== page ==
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Buying and Storing Eggs


Buying and Storing Eggs – When it comes to buying eggs, choosing between brown and white or large and jumbo is just the beginning. Buying and Storing Eggs – Here we clear up the confusion and give tips on how to store your eggs so that they stay their best, most delicious selves.

Did vou know that there are more hens than people in lowa?

Or that an average American eats about 279 eggs per year?

On average, a working hen lays about 300 eggs per year.

One large egg contains about 6 grams of protein.

Buying and Storing Eggs – Eggshell Color


Buying and Storing Eggs – While the most common shell colors white and brown, you can find blue or even green eggs in some cartons.

The good news. There’s no nutritional or favor difference between different colored eggs.

So pick whatever is appealing to you.

Buying and Storing Eggs – Grades


Buying and Storing Eggs – Grading indicates not only freshness but also the quality of the eggshell, with blemished or misshapen eggs given a lesser grade.
Grade AA is the nighest-quality egg you can get, but since it takes time to get eggs from farm to the store, you’ll find mostly Grade A on grocery store shelves.
Grade B eggs are often sent to food-processing facilities to be made into other egg products

Buying and Storing Eggs – Egg Naming


Farm Fresh Eggs

This term is not regulated by the U.S. Department of Agriculture (USDA), so unless you’re buying eggs from a local framer, you can ignore it.

Hormone-Free Eggs

This label is misleading. It is illegaI to give chickens hormones.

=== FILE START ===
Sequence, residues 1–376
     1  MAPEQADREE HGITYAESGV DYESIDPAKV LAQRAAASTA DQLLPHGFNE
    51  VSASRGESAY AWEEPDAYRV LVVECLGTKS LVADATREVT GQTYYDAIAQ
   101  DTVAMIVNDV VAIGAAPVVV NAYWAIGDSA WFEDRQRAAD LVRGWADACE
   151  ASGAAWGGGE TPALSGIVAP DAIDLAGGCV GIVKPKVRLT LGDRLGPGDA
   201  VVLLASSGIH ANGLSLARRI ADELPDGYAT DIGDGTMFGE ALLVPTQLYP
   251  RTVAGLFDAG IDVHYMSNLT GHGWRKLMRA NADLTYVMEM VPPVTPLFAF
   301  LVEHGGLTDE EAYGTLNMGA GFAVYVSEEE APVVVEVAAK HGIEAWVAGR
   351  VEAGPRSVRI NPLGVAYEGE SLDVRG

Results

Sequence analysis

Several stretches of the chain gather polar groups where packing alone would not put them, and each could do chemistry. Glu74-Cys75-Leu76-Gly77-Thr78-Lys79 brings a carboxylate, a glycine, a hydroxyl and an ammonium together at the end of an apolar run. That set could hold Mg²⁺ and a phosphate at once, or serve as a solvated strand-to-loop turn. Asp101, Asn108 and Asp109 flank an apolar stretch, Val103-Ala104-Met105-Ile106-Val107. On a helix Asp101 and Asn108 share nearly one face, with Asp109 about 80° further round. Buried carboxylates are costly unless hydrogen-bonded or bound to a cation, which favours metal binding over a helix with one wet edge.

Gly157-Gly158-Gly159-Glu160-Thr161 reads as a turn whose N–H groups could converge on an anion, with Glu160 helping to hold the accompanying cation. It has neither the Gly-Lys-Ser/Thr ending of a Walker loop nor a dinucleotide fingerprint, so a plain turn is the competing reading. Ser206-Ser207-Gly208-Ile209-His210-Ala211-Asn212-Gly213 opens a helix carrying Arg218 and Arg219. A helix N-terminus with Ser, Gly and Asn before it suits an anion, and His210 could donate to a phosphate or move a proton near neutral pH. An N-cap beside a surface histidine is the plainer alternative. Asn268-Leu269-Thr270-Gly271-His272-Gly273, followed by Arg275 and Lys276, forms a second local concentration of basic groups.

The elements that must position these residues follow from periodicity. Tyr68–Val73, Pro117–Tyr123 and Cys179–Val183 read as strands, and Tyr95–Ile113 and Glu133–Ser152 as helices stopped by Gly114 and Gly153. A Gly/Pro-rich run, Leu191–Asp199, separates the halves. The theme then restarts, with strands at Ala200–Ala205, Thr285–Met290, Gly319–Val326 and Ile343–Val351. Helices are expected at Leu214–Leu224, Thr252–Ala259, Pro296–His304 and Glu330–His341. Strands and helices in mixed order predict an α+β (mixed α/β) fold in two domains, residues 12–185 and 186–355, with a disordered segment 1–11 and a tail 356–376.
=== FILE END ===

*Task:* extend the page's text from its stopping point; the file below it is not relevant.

Vegetarian Fed Eggs

This means that the hens are fed only vegetarian feed. This doesn’t affect the flavor or nutritional value of the eggs, but, since chickens are natural omnivores, a vegetarian diet is actually not the best
thing for their digestive

Omega-3 Eggs

This means that the hens’ feed contains omega-3 fatty acids, which could be in the form of fish oil, flaxseeds, or dehydrated alfalfa.

Some people take omega-3 supplements to promote heart health.while they are likely caged at least you know that they are fed Omega 3 food and therefore have the right kind of fat. 

Keep in mind this is not regulated so it’s hard to say how much Omega 3 is in it.

Pasteurized Eggs

Most eggs aren’t pasteurized and are just washed and sanitized per USDA regulations.

This washing removes bacteria and debris from the shell. In addition to being washed, pasteurized eggs are heated to kill bacteria such as salmonella.

This can affect the protein structure of the egg white, which can in turn affect certain recipes that require stiffly whipped egg whites, like angel food cake.

Those who are wary of using eggs in raw applications (such as in Caesar salad dressing) can use pasteurized eggs. However, they can be hard to find.

Organic Eggs

This means that the farm has been certified as organic by the USDA.